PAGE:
17:00 PM

The Worst Combination: Stranded Motorists and Icy Roads

Minnesota's First Reported Traffic Fatality of 2023

Just one week ago, motorists were reminded of just how dangerous being stranded on the roadside can be when a 36-year-old man was killed when he was struck by a pickup while standing outside his disabled car in Wright County, MN. Minnesota State Patrol said roads were icy at the time of the incident.

"At only three days into the New Year, with plenty of winter weather ahead of us, this crash highlights the need for every motorist to practice good driving behavior," says Meredith Mitts, Public Affairs Specialist for AAA – The Auto Club Group. "In the winter, there are extra precautions drivers can and should take, but one thing remains consistent year round: If you see a disabled vehicle on the side of the road, slow down and move over.

"Motorists are struck and killed on the roadside in preventable crashes all the time," added Mitts "On average, one tow truck driver is killed every other week, while working on the roadside. However, the victims also include stranded motorists just like we saw here January 3. Nationwide, nearly 350 people are struck and killed outside disabled vehicles each year."

AAA's Tips to Protect Roadside Workers and Stranded Motorists:

For Drivers:

  • Remain alert. Avoid distractions and focus on driving.
  • Keep an eye out for emergency vehicles – including tow trucks – that have their lights on as well as cars that have their flashers on. Move over one lane when you see them and if you can't move over, slow down to safely pass them.
  • Be a good passenger. Help identify roadway issues and remind the driver to slow down and move over.
  • Watch for people on the roadside. People may be in or near a disabled vehicle. Just because you don't immediately see them doesn't mean they aren't there.

For Stranded Motorists:

  • Pull as far over on the shoulder as safely possible to create more distance between your vehicle and passing traffic.
  • Turn your hazard lights on so other drivers are aware you are there.
  • If you are able to safely make it to the next exit or stopping point, do so.
  • Call for assistance via phone, website or the AAA Mobile app.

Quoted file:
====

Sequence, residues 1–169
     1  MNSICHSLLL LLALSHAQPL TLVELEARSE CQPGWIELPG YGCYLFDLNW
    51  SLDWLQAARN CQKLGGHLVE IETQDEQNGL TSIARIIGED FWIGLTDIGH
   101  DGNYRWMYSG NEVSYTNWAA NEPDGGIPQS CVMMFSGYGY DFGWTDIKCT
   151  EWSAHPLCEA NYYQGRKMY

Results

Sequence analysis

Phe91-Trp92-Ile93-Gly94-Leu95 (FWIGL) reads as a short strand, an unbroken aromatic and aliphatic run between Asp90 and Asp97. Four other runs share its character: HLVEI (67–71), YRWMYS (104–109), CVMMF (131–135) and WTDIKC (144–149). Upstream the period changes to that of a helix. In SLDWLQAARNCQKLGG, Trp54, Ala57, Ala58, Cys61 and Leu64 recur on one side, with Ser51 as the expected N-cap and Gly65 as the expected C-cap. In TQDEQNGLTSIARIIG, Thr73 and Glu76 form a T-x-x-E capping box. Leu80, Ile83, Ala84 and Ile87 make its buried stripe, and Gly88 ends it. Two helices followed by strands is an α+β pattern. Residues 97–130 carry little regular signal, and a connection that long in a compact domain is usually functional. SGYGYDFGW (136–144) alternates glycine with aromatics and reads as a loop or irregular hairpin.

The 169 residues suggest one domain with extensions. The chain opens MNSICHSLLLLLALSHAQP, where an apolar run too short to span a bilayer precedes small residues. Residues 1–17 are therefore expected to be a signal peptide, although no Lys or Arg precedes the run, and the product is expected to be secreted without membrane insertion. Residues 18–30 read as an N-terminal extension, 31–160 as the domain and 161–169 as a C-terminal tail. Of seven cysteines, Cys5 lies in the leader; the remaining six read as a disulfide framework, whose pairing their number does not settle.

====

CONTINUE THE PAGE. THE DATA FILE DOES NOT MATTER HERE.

• Remain with your vehicle as long as it's safe to do so.
  • If getting out of your vehicle, watch the oncoming traffic for a good time to exit, and remain alert and close to your vehicle. Avoid turning your back to traffic whenever possible.

Current weather advisories indicate drivers my encounter slippery roads and reduced visibility through tomorrow morning.

"The roadside is an extremely dangerous place to be for anyone, especially in the winter, regardless of if you are an emergency responder or motorist with a disabled vehicle," Mitts continued. "Drivers who make the resolution to move over for all vehicles on the roadside, can save lives and help ensure everyone makes it home safely to their families."

AAA Winter Driving Tips

  • Before starting out, remove ice and snow from the entire care, mirrors and lights so you have clear driving visibility.
  • Don't use cruise control in precipitation and freezing temperatures.
  • Remember that four-wheel drive helps you get going quicker, but it won't help you stop any faster.
  • Familiarize yourself with you vehicle's breaking system. Drivers with anti-lock brakes should apply firm, constant pressure while those without may need to pump the pedal in order to avoid loss of traction while stopping. (Antilock brakes became standard as of 2004, only older vehicles might not have them.)
  • Always drive at the speed that matches the prevailing visibility, traffic and road conditions – even if that means driving below the posted speed limit.
  • Compensate for reduced traction by increasing your following distances (normally three to four seconds) to eight to ten seconds.
  • Allow sufficient room for maintenance vehicles and plows, stay at least 200 feet back and, if you need to pass, go to the other vehicle's left. (Never pass a plow.)
  • Watch for icy surfaces on bridges and intersections, even if the rest of the road seems to be in good condition.
  • If you get stuck in snow or ice, straighten the wheel and accelerate slowly. Add sand or cat litter under the drive wheels to help avoid spinning tires.
  • If your tires lose traction, continue to look and steer in the direction you want to go. If the wheels start to spin or slide while going up a hill, ease off the accelerator slightly and then gently resume speed.
  • If you see flashing lights, slow down and move over. Give the other vehicle as much space as possible and watch for stranded motorists and emergency personnel who may not be able to see you.